FIG. 9 illustrates how such large gap spacings might be constructed. The upper part 80 of the antenna is comprised of a coaxial cable with an outer conductor 82 and an inner conductor 84. The inner and outer conductor of this cable are separated by an insulator 86. The lower section 88 of the antenna is separated from the upper section 80 by a robust low dielectric loss insulator 90 which is capable of withstanding temperatures of up to 300° C. All metal surfaces 92 and 96 and insulator edges 94 are rounded. Such a system begins to approach the requirements previously discussed, however charge accumulations near the opposite ends of the coaxial cable will still occur and may prove to be an additional problem beyond the gross solutions presented in FIG. 9. Some hot spots may still occur at points 96 and 92, despite the curved design and the thickness of the insulation.
To mitigate hot spots, as illustrated in FIG. 9, the electric field across the gap can be distributed. This can be achieved by means of resistive, capacitive or inductive potential dividers. The dividers have an impedance that is relatively small compared to the external loading applied to the gap under dried deposit conditions. FIG. 10 illustrates the use of a capacitive divider. The value of each of the capacitors are selected such that the electric field progressively increases toward the middle of the gap. This suppresses excessive charge concentration. The values of the capacitors are larger near the ends of the gap.
As illustrated in FIG. 10, the exciter now comprises a terminated coaxial cable 100 having an outer conductor 102 and an inner conductor 104, which provide the voltage to drive the gradient equalized gap system. The inner conductor 104 is connected to the lower portion 106 of the exciter via a series of in-line inductors 108, 110, 112 and 114. The inner conductor 104 may also be terminated prior to being connected to the bottom of the dipole via an additional impedance correction network 116. Insulators 118, 120, 122 and 124 interrupt the continuity of the outer conductor 102 over a distance which comprises the gap. Each of these smaller gaps are spanned by capacitors 126, 128, 130 and 132. The values of the capacitors and inductors and the frequencies of operation are chosen such that the sum of the inductive reactance of the series elements equals the sum of the capacitive reactance, thereby creating a near resonant condition in the exciter. The values of these elements are also chosen such that the impedance presented to the coaxial cable at a point above the in-line inductor 108 is between 5 and 500 ohms. Advantages of such an arrangement are that the peak electric fields near the smaller gaps are reduced because the potential is distributed, and that the electric field is more uniform. While charges and heat still accumulate above and below the distributed gap, these hot spots are not in positions where the excess heating can lead to catastrophic consequences. To minimize the accumulation of charges above and below the distributed gap, the values of the capacitors 128 and 130 near the mid-point should be smaller than the values of the capacitors 126 and 132 near the ends of the gap. This results in higher field intensities across the gaps at the mid-point and lower field intensities at the ends of the gap, thereby mitigating the charge buildup at positions 140 and 142.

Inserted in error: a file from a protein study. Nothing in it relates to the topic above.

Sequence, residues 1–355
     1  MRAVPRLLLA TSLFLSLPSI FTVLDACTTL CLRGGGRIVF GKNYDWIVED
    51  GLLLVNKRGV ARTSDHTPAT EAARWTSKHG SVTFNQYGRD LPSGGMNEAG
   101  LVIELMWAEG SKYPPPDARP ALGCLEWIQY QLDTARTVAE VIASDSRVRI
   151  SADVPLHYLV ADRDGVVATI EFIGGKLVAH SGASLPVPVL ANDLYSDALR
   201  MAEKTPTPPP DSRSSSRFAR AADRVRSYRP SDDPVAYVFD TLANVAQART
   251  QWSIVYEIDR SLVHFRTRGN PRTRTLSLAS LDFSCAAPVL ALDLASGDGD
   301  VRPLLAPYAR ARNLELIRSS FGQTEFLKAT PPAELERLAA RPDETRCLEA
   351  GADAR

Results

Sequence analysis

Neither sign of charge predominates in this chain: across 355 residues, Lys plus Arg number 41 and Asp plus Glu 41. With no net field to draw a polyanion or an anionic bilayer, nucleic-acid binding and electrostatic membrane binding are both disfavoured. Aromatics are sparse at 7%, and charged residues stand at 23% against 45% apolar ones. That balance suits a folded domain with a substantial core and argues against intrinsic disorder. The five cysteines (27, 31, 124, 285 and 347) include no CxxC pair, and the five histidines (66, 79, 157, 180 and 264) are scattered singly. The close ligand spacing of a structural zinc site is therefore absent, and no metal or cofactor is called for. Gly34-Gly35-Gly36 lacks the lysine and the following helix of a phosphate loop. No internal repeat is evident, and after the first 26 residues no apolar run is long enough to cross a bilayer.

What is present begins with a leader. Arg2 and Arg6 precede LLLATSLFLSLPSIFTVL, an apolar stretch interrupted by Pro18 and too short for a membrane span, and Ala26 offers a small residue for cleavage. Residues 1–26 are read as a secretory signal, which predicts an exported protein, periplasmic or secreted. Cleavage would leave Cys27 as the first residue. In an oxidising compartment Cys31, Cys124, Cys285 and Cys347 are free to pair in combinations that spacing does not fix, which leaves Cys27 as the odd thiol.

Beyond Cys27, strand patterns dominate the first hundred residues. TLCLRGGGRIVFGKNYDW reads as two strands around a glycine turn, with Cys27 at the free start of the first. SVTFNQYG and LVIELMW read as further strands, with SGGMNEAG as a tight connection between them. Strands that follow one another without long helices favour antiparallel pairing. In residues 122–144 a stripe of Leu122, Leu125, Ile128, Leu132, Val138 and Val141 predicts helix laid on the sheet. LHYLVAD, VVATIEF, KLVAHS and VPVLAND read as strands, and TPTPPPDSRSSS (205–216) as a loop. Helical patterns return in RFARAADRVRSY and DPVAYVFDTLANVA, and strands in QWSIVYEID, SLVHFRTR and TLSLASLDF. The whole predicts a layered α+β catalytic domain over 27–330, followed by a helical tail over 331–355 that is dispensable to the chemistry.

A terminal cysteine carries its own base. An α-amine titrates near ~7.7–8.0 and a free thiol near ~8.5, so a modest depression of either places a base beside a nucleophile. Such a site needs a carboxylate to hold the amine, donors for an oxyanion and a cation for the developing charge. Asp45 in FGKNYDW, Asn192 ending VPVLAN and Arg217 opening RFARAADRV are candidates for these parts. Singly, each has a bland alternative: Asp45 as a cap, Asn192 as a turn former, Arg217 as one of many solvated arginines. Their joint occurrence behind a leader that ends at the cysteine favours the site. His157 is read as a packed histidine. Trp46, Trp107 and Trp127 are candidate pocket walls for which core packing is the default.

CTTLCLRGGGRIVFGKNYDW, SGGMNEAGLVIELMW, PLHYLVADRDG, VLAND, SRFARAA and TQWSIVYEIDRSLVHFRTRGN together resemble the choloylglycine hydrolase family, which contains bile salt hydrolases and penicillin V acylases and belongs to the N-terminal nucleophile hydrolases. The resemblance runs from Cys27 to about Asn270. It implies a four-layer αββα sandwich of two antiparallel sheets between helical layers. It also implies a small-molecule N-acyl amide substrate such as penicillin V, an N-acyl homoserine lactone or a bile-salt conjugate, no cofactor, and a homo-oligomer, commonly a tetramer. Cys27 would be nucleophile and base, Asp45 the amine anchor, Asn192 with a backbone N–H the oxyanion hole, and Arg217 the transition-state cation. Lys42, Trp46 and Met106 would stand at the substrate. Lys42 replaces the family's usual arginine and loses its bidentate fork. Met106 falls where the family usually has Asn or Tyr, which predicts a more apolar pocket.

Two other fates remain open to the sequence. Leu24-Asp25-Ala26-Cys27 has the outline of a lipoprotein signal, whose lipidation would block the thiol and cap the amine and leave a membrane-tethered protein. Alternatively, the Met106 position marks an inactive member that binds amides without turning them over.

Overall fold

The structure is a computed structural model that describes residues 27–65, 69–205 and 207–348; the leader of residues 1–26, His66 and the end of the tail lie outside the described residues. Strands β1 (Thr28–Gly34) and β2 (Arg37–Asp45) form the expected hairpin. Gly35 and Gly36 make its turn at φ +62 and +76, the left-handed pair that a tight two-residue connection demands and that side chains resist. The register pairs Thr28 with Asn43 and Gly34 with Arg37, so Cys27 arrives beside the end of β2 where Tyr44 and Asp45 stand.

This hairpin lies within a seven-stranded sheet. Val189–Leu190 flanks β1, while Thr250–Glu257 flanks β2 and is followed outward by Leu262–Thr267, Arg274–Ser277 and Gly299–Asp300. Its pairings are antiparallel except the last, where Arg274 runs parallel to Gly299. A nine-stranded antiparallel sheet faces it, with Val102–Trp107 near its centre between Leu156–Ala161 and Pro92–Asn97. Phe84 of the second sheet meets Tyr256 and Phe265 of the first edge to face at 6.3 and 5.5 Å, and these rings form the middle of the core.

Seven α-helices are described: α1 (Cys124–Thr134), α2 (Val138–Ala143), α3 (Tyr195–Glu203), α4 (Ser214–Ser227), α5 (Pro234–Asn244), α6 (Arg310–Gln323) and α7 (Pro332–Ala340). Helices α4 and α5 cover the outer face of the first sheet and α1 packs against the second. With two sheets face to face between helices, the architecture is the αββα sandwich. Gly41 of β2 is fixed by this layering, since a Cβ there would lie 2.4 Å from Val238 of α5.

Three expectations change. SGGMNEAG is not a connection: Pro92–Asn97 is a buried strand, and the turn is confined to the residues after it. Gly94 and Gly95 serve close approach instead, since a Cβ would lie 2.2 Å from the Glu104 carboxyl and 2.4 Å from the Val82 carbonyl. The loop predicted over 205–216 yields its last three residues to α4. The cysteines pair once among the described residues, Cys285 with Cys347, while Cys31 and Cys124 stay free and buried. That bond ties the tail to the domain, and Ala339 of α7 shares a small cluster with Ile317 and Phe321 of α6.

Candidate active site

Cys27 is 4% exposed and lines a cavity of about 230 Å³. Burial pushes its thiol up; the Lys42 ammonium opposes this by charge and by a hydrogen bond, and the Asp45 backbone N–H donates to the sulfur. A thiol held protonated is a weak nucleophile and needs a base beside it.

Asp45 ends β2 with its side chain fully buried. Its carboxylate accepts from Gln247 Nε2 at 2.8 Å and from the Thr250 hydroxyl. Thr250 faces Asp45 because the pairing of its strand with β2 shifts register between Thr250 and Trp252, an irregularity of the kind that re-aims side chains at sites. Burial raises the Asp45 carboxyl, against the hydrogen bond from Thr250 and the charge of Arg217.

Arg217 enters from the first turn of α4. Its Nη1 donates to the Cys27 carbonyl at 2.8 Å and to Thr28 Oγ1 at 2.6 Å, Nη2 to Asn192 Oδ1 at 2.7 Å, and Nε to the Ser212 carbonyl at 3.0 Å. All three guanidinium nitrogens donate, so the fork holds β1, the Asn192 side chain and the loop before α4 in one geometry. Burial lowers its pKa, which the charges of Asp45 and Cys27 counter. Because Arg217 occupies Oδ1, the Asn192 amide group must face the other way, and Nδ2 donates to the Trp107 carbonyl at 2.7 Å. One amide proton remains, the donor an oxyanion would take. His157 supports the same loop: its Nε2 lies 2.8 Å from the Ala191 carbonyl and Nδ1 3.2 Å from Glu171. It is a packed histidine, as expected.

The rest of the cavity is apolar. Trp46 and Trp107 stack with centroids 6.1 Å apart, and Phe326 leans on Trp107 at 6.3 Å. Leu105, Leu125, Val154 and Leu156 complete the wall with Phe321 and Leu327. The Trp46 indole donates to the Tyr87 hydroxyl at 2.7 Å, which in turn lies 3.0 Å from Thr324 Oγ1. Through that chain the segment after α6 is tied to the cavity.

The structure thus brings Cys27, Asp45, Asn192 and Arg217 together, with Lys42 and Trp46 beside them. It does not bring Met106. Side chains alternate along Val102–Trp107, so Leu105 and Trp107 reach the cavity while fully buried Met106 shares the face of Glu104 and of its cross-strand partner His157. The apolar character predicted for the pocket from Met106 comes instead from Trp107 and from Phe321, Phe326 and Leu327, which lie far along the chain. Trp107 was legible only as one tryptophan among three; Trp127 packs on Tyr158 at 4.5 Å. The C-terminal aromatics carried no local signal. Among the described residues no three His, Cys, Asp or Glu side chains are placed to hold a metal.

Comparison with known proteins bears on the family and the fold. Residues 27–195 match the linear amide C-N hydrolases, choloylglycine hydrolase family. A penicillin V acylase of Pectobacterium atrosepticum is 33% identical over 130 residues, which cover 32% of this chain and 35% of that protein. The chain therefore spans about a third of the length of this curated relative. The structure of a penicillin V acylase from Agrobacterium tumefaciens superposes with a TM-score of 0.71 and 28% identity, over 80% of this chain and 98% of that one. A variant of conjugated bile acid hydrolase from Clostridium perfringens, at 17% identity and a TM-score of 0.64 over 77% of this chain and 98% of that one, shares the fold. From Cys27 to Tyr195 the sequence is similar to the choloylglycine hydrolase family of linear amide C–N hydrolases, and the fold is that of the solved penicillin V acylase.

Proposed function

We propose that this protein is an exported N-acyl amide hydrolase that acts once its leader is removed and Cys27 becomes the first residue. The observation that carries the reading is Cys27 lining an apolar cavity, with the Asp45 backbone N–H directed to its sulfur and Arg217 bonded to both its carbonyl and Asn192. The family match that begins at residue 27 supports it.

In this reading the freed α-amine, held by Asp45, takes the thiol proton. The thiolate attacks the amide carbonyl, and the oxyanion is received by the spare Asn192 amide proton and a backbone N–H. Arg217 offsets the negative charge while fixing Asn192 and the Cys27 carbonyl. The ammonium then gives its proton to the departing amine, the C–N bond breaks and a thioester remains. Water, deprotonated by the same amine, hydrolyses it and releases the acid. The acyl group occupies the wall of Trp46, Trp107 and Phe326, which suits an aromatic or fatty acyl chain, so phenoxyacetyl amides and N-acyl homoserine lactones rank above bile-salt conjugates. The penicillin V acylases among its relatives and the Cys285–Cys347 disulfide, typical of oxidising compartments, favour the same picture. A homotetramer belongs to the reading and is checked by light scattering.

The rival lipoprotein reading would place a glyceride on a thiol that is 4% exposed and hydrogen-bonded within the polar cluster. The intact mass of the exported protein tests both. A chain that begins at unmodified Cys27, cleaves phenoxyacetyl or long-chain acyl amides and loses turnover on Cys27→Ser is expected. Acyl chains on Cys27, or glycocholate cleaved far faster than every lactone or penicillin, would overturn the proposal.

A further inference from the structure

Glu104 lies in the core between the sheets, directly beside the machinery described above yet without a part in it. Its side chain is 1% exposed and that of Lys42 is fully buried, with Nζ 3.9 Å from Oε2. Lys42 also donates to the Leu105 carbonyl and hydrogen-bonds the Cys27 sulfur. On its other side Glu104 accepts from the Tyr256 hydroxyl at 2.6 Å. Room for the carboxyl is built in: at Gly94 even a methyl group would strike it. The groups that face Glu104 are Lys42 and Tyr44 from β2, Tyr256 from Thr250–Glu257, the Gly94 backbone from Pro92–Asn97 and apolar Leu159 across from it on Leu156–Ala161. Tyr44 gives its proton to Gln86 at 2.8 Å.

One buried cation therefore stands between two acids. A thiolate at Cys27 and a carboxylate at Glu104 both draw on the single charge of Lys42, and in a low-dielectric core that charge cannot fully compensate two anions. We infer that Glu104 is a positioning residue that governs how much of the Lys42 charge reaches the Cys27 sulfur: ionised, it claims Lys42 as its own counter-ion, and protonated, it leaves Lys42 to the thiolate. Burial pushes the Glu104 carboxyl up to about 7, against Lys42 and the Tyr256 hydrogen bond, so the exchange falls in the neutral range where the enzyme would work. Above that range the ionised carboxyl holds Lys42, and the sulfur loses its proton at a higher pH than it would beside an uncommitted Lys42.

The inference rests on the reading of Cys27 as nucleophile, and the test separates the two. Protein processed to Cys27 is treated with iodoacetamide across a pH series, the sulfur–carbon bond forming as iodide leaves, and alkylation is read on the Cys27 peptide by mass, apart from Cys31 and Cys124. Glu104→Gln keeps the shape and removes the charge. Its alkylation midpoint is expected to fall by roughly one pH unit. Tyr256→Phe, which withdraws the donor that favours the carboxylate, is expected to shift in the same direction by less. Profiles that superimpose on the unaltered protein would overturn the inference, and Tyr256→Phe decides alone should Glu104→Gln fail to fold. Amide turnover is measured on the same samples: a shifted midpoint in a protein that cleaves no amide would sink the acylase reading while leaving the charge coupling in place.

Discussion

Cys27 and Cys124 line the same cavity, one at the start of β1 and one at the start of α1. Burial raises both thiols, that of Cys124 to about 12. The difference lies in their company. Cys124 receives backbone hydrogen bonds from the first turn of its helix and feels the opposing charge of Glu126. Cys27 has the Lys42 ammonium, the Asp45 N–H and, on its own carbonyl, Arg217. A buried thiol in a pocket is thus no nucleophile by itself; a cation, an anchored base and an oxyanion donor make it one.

An alternative to the capacitor voltage distributor arrangement shown in FIG. 10, is the inductive voltage distributor arrangement shown in FIG. 11. In this case, instead of exposing the capacitors on the outside of the exciter, the inductive coil is located at the outer surface of the coaxial cable, and the capacitors are retained within the antenna system. The outer conductor 150 and inner conductor 152 supply power via a set of series capacitors 154 and other types of impedance elements 156, to provide a voltage drop across the coil. The coil is formed from the metal of the outer conductor 150 of the coaxial cable by cutting a pair of spiral slots 160, 162 in the outer conductor thus forming two current pathways which wind about one another in a double helix. The slots are cut such that the helices are tighter toward the center of the slotted region, as shown in FIG. 11. The variable pitch double helix terminates at positions 164, 166. Above and below these positions, the coaxial cable is not slotted. As before, an outer insulated section 168 is provided to prevent ingress of fluids into this exciter section. The thickness of this insulator should be larger than the width of either slot 160, 162. Inner conductor 152 is supported at the distal end 170 by a support section 172, which also terminates the coaxial cable and provides a conductive connection between the inner conductor 152 and the outer conductor 150 by joining end wall 176. The slots 160 and 162 may tend to weaken the coaxial cable system itself, unless otherwise supported by the insulator 168 and support section 172. The arrangement illustrated in FIG. 11 decreases the charge buildup at the sections 170 and 174 of the exciter system. Electric field intensities between these sections are distributed and made more uniform by the combination of the inductive and capacitive reactance, the tightening helicity of the slots, and the insulation around the applicator section comprising the double helix. This distribution and equalization across the "gap" of the dipole reduces the risk of catastrophic breakdown around hot spots in the system.